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      Peterborough, ON
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      '87 16V Scirocco, '85 8V Scirocco (actually on the road), '79 Scirocco
      03-20-2017 09:54 PM #30
      Saw a show on youtube that used dry ice to remove it. Speed Academy I believe. Worked like a charm, came off in huge frozen chunks.

    6. Member
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      May 30th, 2014
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      West Montrose
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      1981 Scirocco
      03-20-2017 10:24 PM #31
      Thank God since it was a Florida car all its life it seems that there is very little rust and removing the fenders is not going to be required. Should have some stripped down shots later in the week. Still holding onto Cincy with a Scirocco not a Mini Cooper although it is a blast to drive.

    7. Member scotttu's Avatar
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      1980 MK1 w/91 Jetta Engine, 96 Nissan 4x4
      Yesterday 09:43 AM #32
      Quote Originally Posted by Brixy View Post
      Thank God since it was a Florida car all its life it seems that there is very little rust and removing the fenders is not going to be required. Should have some stripped down shots later in the week. Still holding onto Cincy with a Scirocco not a Mini Cooper although it is a blast to drive.
      You could loosen the bottom bolt behind the wheel, maybe pillar bolts, run a mirror up inside to see if there is any rust.
      This was the worst of the worst, save for the hatch area on my car.

      If one's words are not better than silence, one should keep silent.
      - Kwai Chang Caine

    8. Member
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      May 30th, 2014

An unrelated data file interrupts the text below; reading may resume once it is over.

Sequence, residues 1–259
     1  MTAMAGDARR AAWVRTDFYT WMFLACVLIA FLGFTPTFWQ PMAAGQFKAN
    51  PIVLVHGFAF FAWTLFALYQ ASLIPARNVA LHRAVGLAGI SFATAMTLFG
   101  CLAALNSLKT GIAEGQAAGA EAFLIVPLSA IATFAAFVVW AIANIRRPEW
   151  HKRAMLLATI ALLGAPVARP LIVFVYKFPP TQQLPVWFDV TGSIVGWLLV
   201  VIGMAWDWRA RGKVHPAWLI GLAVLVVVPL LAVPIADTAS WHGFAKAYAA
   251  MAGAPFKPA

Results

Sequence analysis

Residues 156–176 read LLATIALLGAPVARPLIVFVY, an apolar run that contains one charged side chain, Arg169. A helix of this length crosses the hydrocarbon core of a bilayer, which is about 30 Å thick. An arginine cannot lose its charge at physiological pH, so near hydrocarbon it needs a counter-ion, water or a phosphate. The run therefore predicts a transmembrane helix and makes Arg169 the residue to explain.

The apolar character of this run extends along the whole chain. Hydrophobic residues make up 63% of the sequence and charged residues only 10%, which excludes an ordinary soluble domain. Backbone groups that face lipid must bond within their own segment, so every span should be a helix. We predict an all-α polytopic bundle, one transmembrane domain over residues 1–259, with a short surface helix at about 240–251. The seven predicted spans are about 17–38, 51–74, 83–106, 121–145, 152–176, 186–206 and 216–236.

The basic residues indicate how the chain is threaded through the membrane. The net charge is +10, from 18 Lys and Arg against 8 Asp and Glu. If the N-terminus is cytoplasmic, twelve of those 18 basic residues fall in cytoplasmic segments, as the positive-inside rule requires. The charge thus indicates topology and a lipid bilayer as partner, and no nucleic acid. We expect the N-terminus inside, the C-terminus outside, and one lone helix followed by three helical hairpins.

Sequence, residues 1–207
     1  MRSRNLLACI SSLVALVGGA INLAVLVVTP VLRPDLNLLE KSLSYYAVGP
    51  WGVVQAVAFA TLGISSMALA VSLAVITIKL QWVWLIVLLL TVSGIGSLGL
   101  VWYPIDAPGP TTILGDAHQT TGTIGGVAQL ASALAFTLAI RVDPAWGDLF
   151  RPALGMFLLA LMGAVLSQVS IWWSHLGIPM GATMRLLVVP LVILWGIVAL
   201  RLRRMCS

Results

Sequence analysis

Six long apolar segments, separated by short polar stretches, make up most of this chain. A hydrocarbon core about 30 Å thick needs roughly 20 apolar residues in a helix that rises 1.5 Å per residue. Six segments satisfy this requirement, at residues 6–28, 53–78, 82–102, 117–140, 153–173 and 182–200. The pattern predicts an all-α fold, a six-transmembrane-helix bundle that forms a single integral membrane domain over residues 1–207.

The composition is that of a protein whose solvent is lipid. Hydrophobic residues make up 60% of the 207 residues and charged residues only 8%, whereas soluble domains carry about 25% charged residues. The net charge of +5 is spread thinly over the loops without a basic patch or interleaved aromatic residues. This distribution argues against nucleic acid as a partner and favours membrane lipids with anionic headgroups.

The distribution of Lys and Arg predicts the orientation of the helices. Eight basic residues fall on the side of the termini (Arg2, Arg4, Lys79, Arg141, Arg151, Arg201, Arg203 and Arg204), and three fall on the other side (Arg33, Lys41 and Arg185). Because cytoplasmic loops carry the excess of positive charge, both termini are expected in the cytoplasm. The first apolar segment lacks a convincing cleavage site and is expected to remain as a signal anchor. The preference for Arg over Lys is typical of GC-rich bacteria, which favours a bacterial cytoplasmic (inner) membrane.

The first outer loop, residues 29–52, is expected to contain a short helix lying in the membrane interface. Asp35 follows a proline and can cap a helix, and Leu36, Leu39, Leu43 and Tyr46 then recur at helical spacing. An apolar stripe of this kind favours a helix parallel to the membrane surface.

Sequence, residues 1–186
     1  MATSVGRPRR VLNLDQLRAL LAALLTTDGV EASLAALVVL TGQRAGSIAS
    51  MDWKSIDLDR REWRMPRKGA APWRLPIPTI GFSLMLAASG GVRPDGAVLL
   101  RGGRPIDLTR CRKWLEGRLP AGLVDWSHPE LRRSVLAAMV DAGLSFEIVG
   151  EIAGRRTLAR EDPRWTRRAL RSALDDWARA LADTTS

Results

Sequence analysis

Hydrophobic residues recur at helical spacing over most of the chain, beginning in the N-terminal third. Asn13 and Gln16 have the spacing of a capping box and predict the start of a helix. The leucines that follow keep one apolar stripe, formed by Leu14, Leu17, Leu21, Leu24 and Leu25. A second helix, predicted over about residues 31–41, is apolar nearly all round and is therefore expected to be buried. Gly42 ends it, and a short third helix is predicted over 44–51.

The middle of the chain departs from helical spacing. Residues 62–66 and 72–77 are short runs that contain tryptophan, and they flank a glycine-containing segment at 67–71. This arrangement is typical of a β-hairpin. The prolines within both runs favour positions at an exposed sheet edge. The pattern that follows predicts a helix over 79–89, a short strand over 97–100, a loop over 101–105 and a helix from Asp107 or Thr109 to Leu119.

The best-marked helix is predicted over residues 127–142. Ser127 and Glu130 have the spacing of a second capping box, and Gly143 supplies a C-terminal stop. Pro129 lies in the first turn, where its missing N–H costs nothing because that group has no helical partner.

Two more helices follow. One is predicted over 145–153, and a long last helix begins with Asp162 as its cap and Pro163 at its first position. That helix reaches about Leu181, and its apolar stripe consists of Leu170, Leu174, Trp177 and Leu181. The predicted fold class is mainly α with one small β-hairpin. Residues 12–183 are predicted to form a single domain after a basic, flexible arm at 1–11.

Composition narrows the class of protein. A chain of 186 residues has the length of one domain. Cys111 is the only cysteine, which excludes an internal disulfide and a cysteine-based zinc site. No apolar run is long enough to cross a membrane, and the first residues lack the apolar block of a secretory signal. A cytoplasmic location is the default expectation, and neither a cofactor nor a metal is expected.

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      West Montrose
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      1981 Scirocco
      Yesterday 09:06 PM #33
      Looking for some advice on whether I should clean up my original engine while out of the car or upgrade to a 1.8T while I am at it. This car when I got it 3 years ago already had a replacement 1.8 out of a 92 Jetta. Would love more power in the Scirocco as it seems they had more power in my memories of my first one back in the mid 80's than they really have. My mechanic friend is recommending I look for a donor beetle as these are easy swaps. If anyone who has done this could comment on whether it went well and how much difference in power it made it would certainly help me decide

    9. Yesterday 11:11 PM #34
      Quote Originally Posted by Brixy View Post
      Looking for some advice on whether I should clean up my original engine while out of the car or upgrade to a 1.8T while I am at it. This car when I got it 3 years ago already had a replacement 1.8 out of a 92 Jetta. Would love more power in the Scirocco as it seems they had more power in my memories of my first one back in the mid 80's than they really have. My mechanic friend is recommending I look for a donor beetle as these are easy swaps. If anyone who has done this could comment on whether it went well and how much difference in power it made it would certainly help me decide
      I really should have bet money that you wouldn't be done by Cincy. [Assuming I could find any takers, that is. ]

      I guess like most things, 'easy' is relative depending on one's capabilities and available resources.
      I would hardly call a 1.8T a "bolt-in", although there are more enterprising solutions available now than there used to be - look up our friend Tech53.

      Vortex abounds with 1.8T -> Mk1 swap threads, so I'll be the first to wipe the crust out of your eyes, stick a lollipop in your hand, and briskly broom you in the general direction of the Search feature.

      no one cares what you think in real life...
      how do you figure the internet makes it any better.